When I was on board the JUNK the other night I talked with Marcus and Joel about plastic pollution – of course. Hard not to, when the raft beneath our feet was a monument to the issue, being kept afloat by 10,000 plastic bottles lashed together in cargo netting.
And we agreed that we are not against plastics per se. Plastics have many valuable uses – apart from keeping rafts afloat, plastic is used for many other things that could not easily be substituted with any other material. Looking around the Brocade, I have plastic waterproof bags, Pelican cases, sea anchor buoy, buckets, seed sprouter, food containers and most of my electronics.
No, what we are against is not the use of plastic, it’s the ABuse of plastic, particularly for items that are intended to be disposable. According to the printed cotton grocery bag the JUNK guys gave me, over one million plastic bags are used PER MINUTE world-wide. And it can take over 300 years for them to break down. That leads to some scary arithmetic if you work out how many billions or trillions of plastic bags we could end up with.
As a parallel example, I was working in Information Technology in the run-up to the year 2000, and we were all obsessed with the so-called Millennium Bug. The fear was that all computer-based systems would grind to a halt thinking that 00 signified 1900 rather than 2000. We cursed the short-sighted predecessors who had somehow overlooked the fact that the year 2000 would inevitably arrive – or at least had counted on it not arriving until they were safely retired.
And yet are we not now guilty of similar short-sightedness if we think that we can carry on producing plastic goods indefinitely, and not eventually be up to our eyes in cast-off plastics? Will future generations look back at our era and curse us for our short-sighted stupidity?
Unfortunately democracy does not encourage long-term thinking at governmental level. Plastics (like cars) are so convenient, and so integrated a part of our lives – no politician who wanted to get elected is likely take a tough stand on widespread reduction of plastic usage.
So action has to start at the grassroots level. We all need to do our bit to make a difference – and plastic bags and plastic water bottles are a good place to start. Rather than relying on recycling, let’s REDUCE the amount of plastic being generated – a much better solution with a smaller carbon footprint and overall lower environmental impact. Get your re-usable grocery bags (organic cotton or bags made from recycled plastic are best) and your water filter. And do your bit to save this wonderful planet of ours.
I’ve said it before and I’ll say it again: If we pull together, we can make a world of difference!
Last chance to get me into the top 25 for the AMEX list! I need to make the shortlist to have a chance of qualifying for a share of the funds – and further funding is crucial to the second leg of my Pacific row, and the environmental documentary based on my adventure. Having just said democracy is flawed. VOTE FOR ME PLEASE!!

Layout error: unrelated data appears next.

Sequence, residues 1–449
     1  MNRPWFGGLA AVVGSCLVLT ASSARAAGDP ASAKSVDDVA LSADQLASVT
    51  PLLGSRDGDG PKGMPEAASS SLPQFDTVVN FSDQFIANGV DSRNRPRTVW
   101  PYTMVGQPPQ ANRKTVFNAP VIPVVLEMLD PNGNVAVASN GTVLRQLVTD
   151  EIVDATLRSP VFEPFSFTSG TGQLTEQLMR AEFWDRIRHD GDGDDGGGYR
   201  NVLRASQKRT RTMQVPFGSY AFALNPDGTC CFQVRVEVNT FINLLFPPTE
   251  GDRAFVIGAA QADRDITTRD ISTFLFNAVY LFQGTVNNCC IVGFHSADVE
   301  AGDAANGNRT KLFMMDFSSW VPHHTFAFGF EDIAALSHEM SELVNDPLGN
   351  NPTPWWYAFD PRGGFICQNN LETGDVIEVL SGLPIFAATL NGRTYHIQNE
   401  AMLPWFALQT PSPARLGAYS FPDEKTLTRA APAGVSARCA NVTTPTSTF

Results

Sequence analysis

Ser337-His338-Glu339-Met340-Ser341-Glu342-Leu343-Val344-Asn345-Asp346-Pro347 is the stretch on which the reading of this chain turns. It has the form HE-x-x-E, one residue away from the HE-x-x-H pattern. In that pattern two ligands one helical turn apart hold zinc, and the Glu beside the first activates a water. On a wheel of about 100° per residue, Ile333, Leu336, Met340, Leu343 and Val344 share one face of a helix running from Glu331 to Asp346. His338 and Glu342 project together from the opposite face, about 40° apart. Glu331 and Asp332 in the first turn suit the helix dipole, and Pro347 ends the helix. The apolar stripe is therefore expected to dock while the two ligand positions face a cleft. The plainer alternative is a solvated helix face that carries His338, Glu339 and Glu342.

Position at 2100 18th August HST, 0700 19th August UTC: 22 26.722’N, 150 31.022’W.
A hot and calm day today – not conducive to high mileage, but I kept plugging away, fuelled by regular bribes of Larabars and wild salmon jerky. For a while this afternoon there wasn’t a cloud in the sky and over the calm seas I could see all the way to the horizon. Blue above, blue below. The ocean looked like a very big place.
Well done to Team GB for a promising start to the Olympics. Mum sent me an update a few days ago to say we were third in the medals table. Fantastic! Congrats to all the athletes – especially the rowers.
Thank you for all the messages – and for the donations that keep on trickling in. All very much appreciated. You are kind, wonderful and generous people!
Thanks especially to Sandi for my virtual trip from Lands End to John O’Groats. So I’m in the Peak District now? I must drop in on my friend Penny in Hathersage! I love the moors around there – thank you for conjuring up happy memories of long rambles and country pubs!
Thanks, too, to John H for the links to the following articles. The oceans really are in trouble. Quite apart from the plastic pollution, see what else is happening.
*Ocean ‘dead zones’ expanding worldwide: study*
WASHINGTON (AFP) – Oceanic “dead zones” where marine life cannot survive have been steadily increasing over the past five decades and now encompass 400 coastal areas of the world, a US-Swedish study.
The number of these areas, in which aquatic ecosystems disappear due to lack of oxygen in the water, have “approximately doubled each decade since the 1960s,” said the study in the journal Science on Friday.
SAN JUAN, Puerto Rico – A maroon-striped marauder with venomous spikes is rapidly multiplying in the Caribbean’s warm waters and even off the East Coast – swallowing native species, stinging divers and generally wreaking havoc on an ecologically delicate region.
The red lionfish, a tropical native of the Indian and Pacific oceans that probably escaped from a Florida fish tank, is showing up everywhere – from the coasts of Cuba and Hispaniola to Little Cayman’s pristine Bloody Bay Wall, one of the region’s prime destinations for divers.
Wherever it appears, the adaptable predator corners fish and crustaceans up to half its size with its billowy fins and sucks them down in one violent gulp.
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Do look at the Books box Roz’s latest recommendation is there, amongst many other books: Titus Groan by Mervyn Peake – or purchase it from Audible.com
Day 86 of the Atlantic Crossing, 26 February 2006: No news, no blog.